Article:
Distributed Denial of Service (DDoS) attacks are back in the news; it seems that barely a month goes by without media reports of a website or service being brought down by a DDoS attack.Â Sonyâ€™s PlayStation NetworkÂ again became the victim of such an attack recently, while hacking groupÂ Anonymous is on a disabling offensiveÂ of extremist websites.
DDoS attacks can come in a variety of shapes and sizes. However, the aim of a DDoS attack is always the same: to saturate a server with so many requests that it simply cannot cope, leaving legitimate users unable to connect.
Attackers will sometimes use their own network of computers to launch DDoS attacks, but what is now more common is for them to use a network of PCs across the world that have been infected with malware that is capable of joining in a DDoS attack without the ownerâ€™s knowledge.
Weâ€™ve written before about theÂ easy availabilityÂ of DDoS attack kits, which anyone can download and use to launch their own attacks.
DDoS attacks were one of the primary methods used by Anonymous and LulzSec to tackle their victims: the Vatican, the Church of Scientology, the Australian government were all hit, as were Amazon, PayPal, MasterCard and Visa in response to their perceived lack of support for whistleblowing website WikiLeaks.
Some of these big name companies could perhaps have predicted a DDoS attack was on its way; taking a stance against Anonymous would often leave a company in its firing line. In fact, Anonymous often warned targets that an attack was imminent.
But for many other businesses, predicting a DDoS attack is difficult, and the results can be disastrous: loss of revenue-generating applications as well as reputational damage can negatively impact a business for years.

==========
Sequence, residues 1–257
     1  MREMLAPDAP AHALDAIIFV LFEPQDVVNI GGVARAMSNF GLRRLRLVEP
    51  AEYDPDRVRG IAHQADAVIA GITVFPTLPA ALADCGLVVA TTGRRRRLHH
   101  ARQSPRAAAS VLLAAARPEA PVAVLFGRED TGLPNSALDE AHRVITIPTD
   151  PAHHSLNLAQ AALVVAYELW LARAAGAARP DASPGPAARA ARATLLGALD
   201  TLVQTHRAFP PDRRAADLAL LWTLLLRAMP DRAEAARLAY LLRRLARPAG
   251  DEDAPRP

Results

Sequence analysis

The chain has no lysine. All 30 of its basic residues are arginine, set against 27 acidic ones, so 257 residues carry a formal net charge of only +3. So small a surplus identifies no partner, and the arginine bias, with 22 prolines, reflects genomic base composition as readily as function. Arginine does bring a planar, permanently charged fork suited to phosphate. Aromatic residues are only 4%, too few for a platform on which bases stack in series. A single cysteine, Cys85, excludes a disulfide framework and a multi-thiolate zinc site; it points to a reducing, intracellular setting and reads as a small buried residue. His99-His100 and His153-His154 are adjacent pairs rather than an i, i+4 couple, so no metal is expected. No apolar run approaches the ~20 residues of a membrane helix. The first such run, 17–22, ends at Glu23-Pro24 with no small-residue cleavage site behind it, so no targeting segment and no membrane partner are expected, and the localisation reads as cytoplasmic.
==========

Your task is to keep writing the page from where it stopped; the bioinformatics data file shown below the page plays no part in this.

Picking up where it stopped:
Why would a company be a target for DDoS attacks? Hacktivism is certainly one reason, competition with rival businesses is another. But beyond that, it is tough to establish whether a business is at risk and, if so, from whom? With the exception of the aforementioned Anonymous messages, DDoS attacks can start without warning.
So while predicting an attack may be difficult, protecting against one is less so. There are ways a company can keep its applications, services and even its whole network online without stopping legitimate traffic. A sophisticated firewall manager, application security manager and local traffic manager combined provide the protection needed to mitigate DDoS attacks, from blocking attack traffic to re-routing legitimate requests to ensure uptime.
Analysis is also key: understanding who is attacking you, as well as how and why, can help prevent an attack from causing too much damage and can help protect against future attacks.
Establishing which layer is being attacked (application, network or session, for example) will help a company know where to focus its resources, and intelligent firewall management will be able to inspect all traffic coming into a network and stop traffic that is coming from a DDoS attack.